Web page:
Apr 15 2010
Now that you’ve built your dream home using a house plan from The House Plan Shop, it is time to think about storage options for your new garage. Before you begin, there is one rule to follow: Go vertical! From floor to ceiling, it is necessary to capitalize on vertical storage space keeping the parking area and walking spaces free and clear of clutter and unorganized chaos allowing easy and safe movement about the garage.
First, think about the walls. There is a wide range of storage items and accessories that can maximize your garage storage space in a safe manner. Common organizational items include pegboards and hooks or cabinets. Pegboards give you flexibility when hanging and storing items while cabinets hide your personal belongings away. Both of these options can be arranged to fit any size garage and can even be used together. A slotted panel system is another choice for garage wall organization. It combines the use of hooks, shelves, baskets and cabinets. No matter which method you choose for your walls, make sure each piece or item is securely mounted to the wall and do not store anything that exceeds the recommended maximum weight capacity.
Now consider traditional shelving units. They are available in many different sizes and styles and can easily stretch from floor to ceiling in a given space. Just like wall units, all shelving should be anchored to the wall so they cannot be toppled easily, especially where small children are present. Organizational boxes and bins work well on shelving units. Place open bins on the lower shelves to organize the kids’ sporting equipment and toys in a place where they can access their things easily. Group like items, a box for various balls, a bin for rollerblades, helmets and kneepads, etc. Use bins on the middle shelves as well. This is a good place to group related items like flower pots and gardening gloves, fishing tackle and life jackets, and so on. Plastic storage containers and bins with lids are great for folding and storing seasonal clothing like winter jackets, hats, gloves and boots. Reserve the higher shelves for items that may be dangerous and harmful to children and pets such as chemicals and items that do not hang well on the wall like a leaf blower. (Note: Carefully read labels on chemicals regarding temperatures. Some chemicals are better stored indoors where the temperature is more consistent such as in the basement.)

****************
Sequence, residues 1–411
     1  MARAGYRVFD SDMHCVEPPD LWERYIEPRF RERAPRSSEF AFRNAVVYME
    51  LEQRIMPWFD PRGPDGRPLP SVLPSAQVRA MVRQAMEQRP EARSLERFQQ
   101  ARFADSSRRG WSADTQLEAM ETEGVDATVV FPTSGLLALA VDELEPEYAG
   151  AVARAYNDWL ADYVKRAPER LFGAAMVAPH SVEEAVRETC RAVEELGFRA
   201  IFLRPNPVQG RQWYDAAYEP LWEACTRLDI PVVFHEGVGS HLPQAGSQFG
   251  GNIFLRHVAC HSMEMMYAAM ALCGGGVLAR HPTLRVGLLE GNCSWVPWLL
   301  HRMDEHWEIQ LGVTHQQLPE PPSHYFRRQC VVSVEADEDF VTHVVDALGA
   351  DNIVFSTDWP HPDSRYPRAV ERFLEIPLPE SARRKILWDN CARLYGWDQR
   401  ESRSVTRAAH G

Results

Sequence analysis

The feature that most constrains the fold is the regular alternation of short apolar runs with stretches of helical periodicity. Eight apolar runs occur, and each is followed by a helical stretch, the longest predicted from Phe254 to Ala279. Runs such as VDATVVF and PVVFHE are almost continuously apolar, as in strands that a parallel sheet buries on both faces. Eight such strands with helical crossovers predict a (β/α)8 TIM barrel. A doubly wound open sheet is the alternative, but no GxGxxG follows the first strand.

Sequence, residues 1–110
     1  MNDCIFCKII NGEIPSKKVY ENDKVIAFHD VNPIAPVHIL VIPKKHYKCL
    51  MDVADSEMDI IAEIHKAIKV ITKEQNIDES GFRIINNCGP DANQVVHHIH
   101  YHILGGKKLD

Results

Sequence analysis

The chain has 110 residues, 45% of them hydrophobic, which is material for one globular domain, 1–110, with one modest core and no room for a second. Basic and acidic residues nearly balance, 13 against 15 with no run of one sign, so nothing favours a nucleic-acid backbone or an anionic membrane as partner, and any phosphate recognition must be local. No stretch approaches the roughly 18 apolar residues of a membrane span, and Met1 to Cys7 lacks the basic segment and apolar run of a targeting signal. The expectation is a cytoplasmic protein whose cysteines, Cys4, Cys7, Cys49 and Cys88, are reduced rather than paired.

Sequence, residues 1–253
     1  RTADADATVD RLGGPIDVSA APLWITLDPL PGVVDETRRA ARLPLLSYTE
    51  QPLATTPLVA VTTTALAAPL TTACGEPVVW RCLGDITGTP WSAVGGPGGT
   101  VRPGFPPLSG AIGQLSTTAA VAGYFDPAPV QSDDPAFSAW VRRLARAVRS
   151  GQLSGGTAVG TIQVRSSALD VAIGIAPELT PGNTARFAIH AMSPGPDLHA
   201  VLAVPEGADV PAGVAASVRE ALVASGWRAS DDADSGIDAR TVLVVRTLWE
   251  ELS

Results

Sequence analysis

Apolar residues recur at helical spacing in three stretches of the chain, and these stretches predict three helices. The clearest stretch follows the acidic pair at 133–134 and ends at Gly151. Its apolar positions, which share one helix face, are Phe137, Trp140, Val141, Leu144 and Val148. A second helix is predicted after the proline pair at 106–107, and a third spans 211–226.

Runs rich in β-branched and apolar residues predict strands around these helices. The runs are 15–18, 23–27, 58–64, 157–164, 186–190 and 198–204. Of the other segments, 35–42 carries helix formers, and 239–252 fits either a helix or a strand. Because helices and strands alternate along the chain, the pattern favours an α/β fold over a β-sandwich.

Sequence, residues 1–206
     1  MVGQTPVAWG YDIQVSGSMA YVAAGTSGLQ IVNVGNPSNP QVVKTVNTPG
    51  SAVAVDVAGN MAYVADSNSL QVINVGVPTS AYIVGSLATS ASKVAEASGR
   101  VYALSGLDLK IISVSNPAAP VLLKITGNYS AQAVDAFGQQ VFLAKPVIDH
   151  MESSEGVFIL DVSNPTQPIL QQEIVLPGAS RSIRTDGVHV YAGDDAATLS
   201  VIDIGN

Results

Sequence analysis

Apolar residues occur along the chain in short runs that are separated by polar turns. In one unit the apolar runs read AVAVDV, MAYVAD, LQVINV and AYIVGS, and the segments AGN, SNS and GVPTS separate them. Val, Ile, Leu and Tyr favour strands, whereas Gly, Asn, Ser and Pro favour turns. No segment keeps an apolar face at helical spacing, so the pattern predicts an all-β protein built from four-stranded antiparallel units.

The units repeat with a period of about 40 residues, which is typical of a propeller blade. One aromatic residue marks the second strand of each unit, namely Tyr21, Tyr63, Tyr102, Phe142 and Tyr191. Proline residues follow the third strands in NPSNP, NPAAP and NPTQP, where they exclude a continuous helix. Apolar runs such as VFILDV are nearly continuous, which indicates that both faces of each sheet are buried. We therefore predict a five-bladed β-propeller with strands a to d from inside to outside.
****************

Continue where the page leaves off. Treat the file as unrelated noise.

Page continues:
Finally, it is time to think about the ceiling. Though we do not traditionally use the ceiling for storage in our homes, the garage is one place where you can make good use of the space above. Often, hooks can be installed in the ceiling for hanging and storing bikes, lawn chairs and even strollers in some cases. If there is room above the rafters, consider creating a storage loft for boxed items you cannot part with and other things you access only once or twice a year, like holiday decorations. Usually a ladder or pull down stair is the easiest and most inexpensive way to access the upper level space. Make sure the floor is sturdy enough to support the weight of the items you plan to store and be careful hauling heavy boxes and bulky items up and down the ladder.
With careful thought and extra planning, you can create a highly functional and very efficient storage space in your garage.
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